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Know Your Civil Servant - Learning life skills on the job

2022-10-07  Staff Reporter

Know Your Civil Servant - Learning life skills on the job

When it comes to identifying which sector is going to give you the career you want, there is no perfect solution. The right fit for you will depend on your individual circumstances, priorities and career goals.

But public sector jobs usually do not top students’ job wish lists. And according to Lovisa Tumweneni Nghiwanapo, that is a mistake since the public sector presents workers with tremendous opportunities.

“I can say, hand on my heart, that working in the public sector is the most rewarding way I can contribute to society and earn a living,” she said.

Nghiwanapo joined the public service in 2016 – as an office administrator – while she was still studying at the International University of Management (IUM).  Happily narrating her story with a sense of pride, Nghiwanapo reveals she applied for the position because she was a human resources management student, and felt like it was in line with her field of study. Her observation was on point. She was hired.

“It’s very satisfying when your work and career allow you to meet your personal life mission,” she added.

The 31-year-old, originally from the Oshikoto region, currently holds a Master’s degree in Human Resources Management from the same university and works as a human resources officer at the Ministry of Environment, Forestry and Tourism – a position she has been in since 2017.


On the job

Nghiwanapo is responsible for administrative duties, such as maintaining an employee database and sorting emails for the HR department, scheduling meetings and interviews, organising events, and maintaining agendas within the human resources department.

She noted that being in HR for seven years enabled her to hone a set of skills that are equally beneficial for her, away from the office. Here, she is referring to her acquired conflict management ability and decision-making prowess. This further gave her a solid understanding of employee relationships, staff management, and payroll and benefits administration, she added.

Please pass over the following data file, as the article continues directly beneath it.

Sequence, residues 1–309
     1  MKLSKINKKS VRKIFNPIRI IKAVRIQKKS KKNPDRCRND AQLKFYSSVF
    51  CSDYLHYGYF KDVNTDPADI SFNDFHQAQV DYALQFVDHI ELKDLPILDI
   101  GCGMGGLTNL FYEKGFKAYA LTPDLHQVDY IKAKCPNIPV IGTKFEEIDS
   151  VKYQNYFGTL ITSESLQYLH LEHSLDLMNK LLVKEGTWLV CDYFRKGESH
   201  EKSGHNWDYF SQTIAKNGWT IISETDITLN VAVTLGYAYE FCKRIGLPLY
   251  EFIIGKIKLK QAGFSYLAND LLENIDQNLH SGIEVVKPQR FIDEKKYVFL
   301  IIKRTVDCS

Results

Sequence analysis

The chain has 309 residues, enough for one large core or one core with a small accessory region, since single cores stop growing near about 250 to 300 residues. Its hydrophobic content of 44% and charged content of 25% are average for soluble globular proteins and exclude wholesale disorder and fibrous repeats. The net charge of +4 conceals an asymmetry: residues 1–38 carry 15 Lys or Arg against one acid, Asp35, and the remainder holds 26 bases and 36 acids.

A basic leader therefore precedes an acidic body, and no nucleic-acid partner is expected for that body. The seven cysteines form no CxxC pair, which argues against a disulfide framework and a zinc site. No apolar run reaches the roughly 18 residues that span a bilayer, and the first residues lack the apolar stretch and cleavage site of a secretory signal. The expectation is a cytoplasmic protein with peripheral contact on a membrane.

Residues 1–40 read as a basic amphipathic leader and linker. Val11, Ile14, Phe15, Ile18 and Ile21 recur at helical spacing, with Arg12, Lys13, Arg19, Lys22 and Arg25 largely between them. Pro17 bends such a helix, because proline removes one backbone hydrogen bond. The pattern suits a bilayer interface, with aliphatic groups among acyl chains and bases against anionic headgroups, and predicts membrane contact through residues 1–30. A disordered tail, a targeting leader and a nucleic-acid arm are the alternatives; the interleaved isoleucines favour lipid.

Nghiwanapo also pointed to workplace counselling skills as another positive that she gained during the years that she has been serving the ministry.

“The workplace counselling skills I gained so far have put me in a position where I can be able to better engage with employees with problems, develop skills in empathy, demonstrate a more open and transparent approach to work, and build a closer trusting relationship with fellow staff members,” she said, adding that her counselling skills also allow her to better identify when it is time to refer an employee to a specialist workplace counsellor.

“I remember we had some employees who wanted to resign, and there was even one who wanted to end her life because of personal challenges. A colleague referred to them to the human resources division, and I had to provide counselling and then refer her to a social worker for further treatment. Today, she is a happy and progressive employee,” she continued.


The public service

When asked why she chose to work for the public service in particular, Nghiwanapo is quick to point out job security and capacity-building as some of the pulling factors.

“What I like about public sector institutions is that they are committed to realising their staff’s potential. Employees are often encouraged to enhance their skills set by participating in training programmes in order to progress in their profession,” she observed.

Nghiwanapo maintained that one of the biggest stress-inducing aspects, when it comes to working in the private sector, is job security. This she attributes to the fact that businesses in the private sector are always growing, changing, merging and restructuring, which can put a lot of strain on people who depend on their income to pay the bills.

“These kinds of concerns hardly exist in the public sector - the government will not go out of business, like a private company,” she argued.

In terms of capacity development, she believes that many public sector jobs provide excellent opportunities to gain experience and build useful new skills.

Having stayed in the government, Nghiwanapo oozes confidence as one happy civil servant, satisfied on the job and taking each challenge within her stride. She is not planning to go anywhere anytime soon, she revealed.

Said Nghiwanapo: “I see what the government is doing, and have an idea of where it is going. My plan is to grow further within the public service and to make an impact to the best of my abilities”.

2022-10-07  Staff Reporter

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